The Expanding Universe. Tuesday, January 15. Thomas Digges (16 th century) proposed an infinite universe. Infinite universe: hard to reconcile with appearance of the night sky. Night sky is dark , with stars (small in angular size) scattered across it.
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Tuesday, January 15
Night sky is dark, with stars (small in angular size) scattered across it.
“The night sky is dark”: called Olbers’ paradox, after astronomer who discussed the subject in 1823.
Why is the darkness of the night sky paradoxical?
If stars were stuck on a celestial sphere or dome, darkness would not be paradoxical.
Only a finite number of stars on the celestial sphere.
In an infinite universe with infinite number of stars, paradox arises.
How bright do we expect the sky to be in such a universe?
Suppose there are nstars per cubic parsec of the universe.
In Sun’s neighborhood, n = 1/pc3
Suppose that an average star is a sphere with radius R.
For Sun, R = 7×105 km = 2×10-8 pc
r= radius of shell
t = thickness of shell
Area = 4 π r2
What’s the volume of the spherical shell?
Volume ≈ area × thickness ≈ 4 π r2 t
How many stars are in the shell?
Number = volume × n = 4 π r2 t n
Cross-section = π R2
What’s the cross-sectional area of all the shell’s stars?
Total = (π R2) × (4 π r2 t n)
What fraction of the shell’s area is covered by stars?
Fraction = area of stars / area of shell = (π R2 ) × ( 4 π r2 t n ) / ( 4 π r2 ) = π R2 t n
Independent of r, the radius of the shell!
For a shell 1 parsec thick, fraction covered = π R2 t n ≈ 10-15
But we’ve assumed an infinite number of shells!
1015 (one quadrillion) shells, each covering a quadrillionth of the sky with stars, will completely pave the sky with stars.
The entire night sky should be as bright as the Sun’s surface!
In a large enough forest, every line of sight ends at a tree.
My conclusion – that the sky is uniformly bright – is utter rubbish.
The night sky really is dark.
Which of my assumptions was wrong?
The universe is infinitely large.
Dubious assumption #2:
The universe is eternally old.
c = 300,000 km/sec (186,000 miles/sec).
If the universe has a finite age, then distant stars haven’t had time to send us the message “We’re here!”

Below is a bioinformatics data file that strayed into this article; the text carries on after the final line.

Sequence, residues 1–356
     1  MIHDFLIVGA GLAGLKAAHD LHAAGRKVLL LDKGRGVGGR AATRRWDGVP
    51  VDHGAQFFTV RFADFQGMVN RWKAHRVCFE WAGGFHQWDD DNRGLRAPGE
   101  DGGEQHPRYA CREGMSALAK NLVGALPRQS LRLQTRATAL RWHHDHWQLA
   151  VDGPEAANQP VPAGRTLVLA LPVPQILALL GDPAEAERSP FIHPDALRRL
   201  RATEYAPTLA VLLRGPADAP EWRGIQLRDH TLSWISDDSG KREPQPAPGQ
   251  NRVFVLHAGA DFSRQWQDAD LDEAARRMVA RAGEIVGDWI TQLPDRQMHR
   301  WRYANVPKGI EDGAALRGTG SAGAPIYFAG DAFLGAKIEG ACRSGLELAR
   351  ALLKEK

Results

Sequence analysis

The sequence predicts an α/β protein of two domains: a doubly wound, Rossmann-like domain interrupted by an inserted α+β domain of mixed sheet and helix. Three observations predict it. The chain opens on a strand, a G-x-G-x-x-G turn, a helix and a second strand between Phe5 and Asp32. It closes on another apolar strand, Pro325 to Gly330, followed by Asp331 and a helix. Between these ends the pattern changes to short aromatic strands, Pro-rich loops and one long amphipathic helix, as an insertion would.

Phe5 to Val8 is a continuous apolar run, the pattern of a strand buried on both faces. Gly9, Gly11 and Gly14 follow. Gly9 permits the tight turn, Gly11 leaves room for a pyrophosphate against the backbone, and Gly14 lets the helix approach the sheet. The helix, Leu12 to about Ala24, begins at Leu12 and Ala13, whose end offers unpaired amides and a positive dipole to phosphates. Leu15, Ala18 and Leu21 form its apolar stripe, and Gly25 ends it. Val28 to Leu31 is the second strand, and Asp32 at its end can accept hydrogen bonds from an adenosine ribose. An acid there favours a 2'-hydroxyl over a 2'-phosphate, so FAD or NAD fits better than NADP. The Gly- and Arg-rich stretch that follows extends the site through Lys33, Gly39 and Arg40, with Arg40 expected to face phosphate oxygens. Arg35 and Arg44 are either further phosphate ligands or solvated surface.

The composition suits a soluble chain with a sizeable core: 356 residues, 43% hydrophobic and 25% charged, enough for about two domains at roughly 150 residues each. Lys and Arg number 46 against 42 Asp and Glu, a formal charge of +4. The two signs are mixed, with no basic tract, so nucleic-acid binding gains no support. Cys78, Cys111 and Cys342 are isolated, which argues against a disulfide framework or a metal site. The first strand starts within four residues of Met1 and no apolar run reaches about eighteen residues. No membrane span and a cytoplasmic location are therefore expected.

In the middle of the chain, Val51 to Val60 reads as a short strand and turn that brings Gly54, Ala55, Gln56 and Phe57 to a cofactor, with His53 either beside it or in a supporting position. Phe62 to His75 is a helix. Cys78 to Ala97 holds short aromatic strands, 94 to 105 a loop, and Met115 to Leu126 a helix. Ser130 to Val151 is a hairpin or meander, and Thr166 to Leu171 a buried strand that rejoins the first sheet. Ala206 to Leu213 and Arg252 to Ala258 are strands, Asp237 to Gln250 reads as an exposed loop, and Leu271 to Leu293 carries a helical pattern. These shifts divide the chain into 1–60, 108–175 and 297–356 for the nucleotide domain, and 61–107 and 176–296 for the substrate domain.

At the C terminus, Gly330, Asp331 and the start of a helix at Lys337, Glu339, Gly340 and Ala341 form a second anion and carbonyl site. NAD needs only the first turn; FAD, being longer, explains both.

Discussing Olbers’ paradox, we assumed the universe was static (neither expanding nor contracting).
This was the general assumption until the 20th century: but was it correct?
If the universe is expanding, distant galaxies will be moving away from us.
If the universe is contracting, distant galaxies will be moving toward us.
A: Look for the Doppler shift of light from the galaxy.
Wave = any periodic fluctuation traveling through a medium.
Sound wave = fluctuation in pressure.
Electromagnetic wave = fluctuation in electric and magnetic fields.
Wavelength (λ) = distance between wave crests.
Amplitude (a) = height of crests above troughs.
Describing a wave:
Visible light: wavelengths from 400 to 700 nanometers. [1 nanometer (nm) = 10-9 meters]
The Sun’s spectrum (amount of light as a function of wavelength):
Note the dark lines: from elements that absorb light at specific wavelengths.
Radial velocity = how fast object is moving toward you or away from you.
Doppler shift: If a wave source moves toward you or away from you, the wavelength changes.
Christian Doppler (1803-1853)
Wave crests are “bunched up” ahead of wave source, “stretched out” behind wave source.
If light source is moving toward you, wavelength is shorter (called blueshift).
(should be “violetshift”, more logically)
If light source is moving away from you, wavelength is longer (called redshift).
In early 20th century, astronomers were surprised to discover that all distant galaxies are redshifted!
Galaxies moving away from each other!
Note: Applies only on large scales.
The Solar System is not expanding; it’s held together by gravity.
Milky Way Galaxy is not expanding; it’s held together by gravity.
The Big Bang Model